Iris AO engineers realized the standalone module they had created as a demonstration tool could also function as an integrated unit that would allow users to plug adaptive optics capabilities into their own applications. The module would make it even easier for users to incorporate the power of adaptive optics into their own systems. But Iris AO customers have different needs, including applications across the spectrum, from UV to IR. To adequately serve these customers, several distinct versions of the module would be needed, each with components whose individual surface quality and coating specifications supported the overall system performance requirements. Iris AO turned to the components supplier who had already helped them produce a reliable demonstration module: Edmund Optics®.
Edmund Optics® was uniquely positioned to support the adaptive optics module development project. EO maintains the world’s largest inventory of stock optics, offers quick turn optics modification service, and a full range of in-house optical component manufacturing capabilities. Iris AO partnered with EO to leverage their internal design expertise as well as their broad selection of stock and custom optics to dramatically improve the performance of their system. Since EO manufactures many of its components, part specifications and processes are fully documented and controlled, giving customers, like Iris AO, the confidence that they will be able to get high quality components through the entire product lifecycle from design to prototype to volume production. EO’s extensive line of stock optomechanics and high quality cameras also meant that Iris AO did not have to compromise product specifications when optimizing their system design.
For example, the Iris AO deformable mirrors are robust enough to function in a controlled environment, with humidity of less than 40%, without additional protection. As insurance against inadvertent contact or particulate contamination of the mirror surface, Iris AO decided to package their DM with a cover window. The problem is that a window can degrade optical transmission, reflect “ghost images,” or introduce undetected wavefront errors into the optical train. Iris AO also didn’t want to introduce a window that would not support the high laser damage threshold of their DM. They designed their own window as a modification of a standard optic using Edmund Optics’ in-house prototyping capabilities. The Iris AO-Edmund customized windows are 20mm in diameter, 3mm thick, have λ/20 surface flatness, and are coated with an optimized VIS-NIR anti-reflection coating.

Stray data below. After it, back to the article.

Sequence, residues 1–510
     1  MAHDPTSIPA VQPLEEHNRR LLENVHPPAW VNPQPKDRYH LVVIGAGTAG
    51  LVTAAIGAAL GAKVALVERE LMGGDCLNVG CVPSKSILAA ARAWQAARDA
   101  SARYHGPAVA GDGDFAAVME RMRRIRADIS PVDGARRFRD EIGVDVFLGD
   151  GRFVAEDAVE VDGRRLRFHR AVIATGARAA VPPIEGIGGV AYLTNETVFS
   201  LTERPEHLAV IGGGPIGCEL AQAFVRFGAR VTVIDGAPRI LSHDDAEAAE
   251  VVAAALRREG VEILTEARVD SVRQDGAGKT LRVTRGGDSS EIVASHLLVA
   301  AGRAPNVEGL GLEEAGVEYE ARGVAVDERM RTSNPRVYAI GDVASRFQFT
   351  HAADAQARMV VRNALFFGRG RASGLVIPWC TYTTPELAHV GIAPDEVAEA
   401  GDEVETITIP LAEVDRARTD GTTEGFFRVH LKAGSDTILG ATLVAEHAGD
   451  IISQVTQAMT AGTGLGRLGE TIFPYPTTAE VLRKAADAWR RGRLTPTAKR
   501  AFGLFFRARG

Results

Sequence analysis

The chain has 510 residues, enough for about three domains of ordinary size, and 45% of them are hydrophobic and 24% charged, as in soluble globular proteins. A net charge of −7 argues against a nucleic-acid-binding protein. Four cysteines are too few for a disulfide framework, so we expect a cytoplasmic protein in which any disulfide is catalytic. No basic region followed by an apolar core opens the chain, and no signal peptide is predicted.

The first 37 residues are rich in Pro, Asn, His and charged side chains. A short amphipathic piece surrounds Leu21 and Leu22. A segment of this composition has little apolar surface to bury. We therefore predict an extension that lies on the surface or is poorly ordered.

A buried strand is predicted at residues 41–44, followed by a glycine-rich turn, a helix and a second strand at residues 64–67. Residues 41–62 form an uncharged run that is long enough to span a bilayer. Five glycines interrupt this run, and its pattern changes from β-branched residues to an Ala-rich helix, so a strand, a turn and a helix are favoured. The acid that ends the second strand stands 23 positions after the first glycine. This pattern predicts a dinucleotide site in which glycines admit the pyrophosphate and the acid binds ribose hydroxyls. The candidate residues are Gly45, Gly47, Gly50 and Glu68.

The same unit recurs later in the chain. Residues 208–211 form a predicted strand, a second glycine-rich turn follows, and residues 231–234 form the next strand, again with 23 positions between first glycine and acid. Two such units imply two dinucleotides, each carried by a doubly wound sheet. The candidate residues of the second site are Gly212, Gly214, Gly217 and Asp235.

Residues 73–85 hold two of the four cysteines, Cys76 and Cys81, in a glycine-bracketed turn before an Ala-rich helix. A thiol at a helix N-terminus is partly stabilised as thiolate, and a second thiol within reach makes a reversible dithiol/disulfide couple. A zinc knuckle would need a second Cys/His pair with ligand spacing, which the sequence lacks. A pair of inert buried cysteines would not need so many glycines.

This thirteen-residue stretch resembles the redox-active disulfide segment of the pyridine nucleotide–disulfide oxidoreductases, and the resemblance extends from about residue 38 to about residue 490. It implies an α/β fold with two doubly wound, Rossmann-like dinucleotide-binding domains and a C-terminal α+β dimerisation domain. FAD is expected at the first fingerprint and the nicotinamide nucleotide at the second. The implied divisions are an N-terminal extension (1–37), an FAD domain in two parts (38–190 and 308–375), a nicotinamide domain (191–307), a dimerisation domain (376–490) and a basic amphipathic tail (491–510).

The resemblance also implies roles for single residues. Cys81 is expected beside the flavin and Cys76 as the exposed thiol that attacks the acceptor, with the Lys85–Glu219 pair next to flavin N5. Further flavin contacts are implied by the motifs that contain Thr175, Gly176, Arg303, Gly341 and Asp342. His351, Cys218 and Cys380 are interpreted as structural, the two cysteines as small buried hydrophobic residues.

The camera was also selected to meet the systems’ needs. A fast interface and easy camera configuration are critical to take advantage of the unique control system architectures possible with the Iris AO DM. EO engineers recommended a simple and fast USB camera interface allowing for easy configurability with common lab software.
During the process of assisting Iris AO with their module design, EO engineers realized that this kind of adaptive optics capability could be of great use to many of their customers. The final step in the collaboration between these two companies at the forefront of optics innovation was the agreement that Edmund Optics® would offer the Iris AO adaptive optics module to their customer base (EO stock number #33-740).
Typically, designers who incorporate adaptive optics into their systems need to use their deformable mirror with a wavefront sensor. Signals from the wavefront sensor give an estimate of the deviations from a perfect beam or flat wavefront. When processed by the computer, the deviation signals from the wavefront sensor are converted to a set of voltages used to control the actuators on the deformable mirror. To ensure the beam is properly corrected, voltages at the deformable mirror must be correlated with their effect on signals at the wavefront sensor. Unfortunately, for most deformable mirrors the relationship between actuator voltages and wavefront sensor measurements frequently shifts, because of mechanical or thermal drifts of the deformable mirror, or instabilities elsewhere in the optical path - the Iris AO module avoids this common interaction resulting in easier use.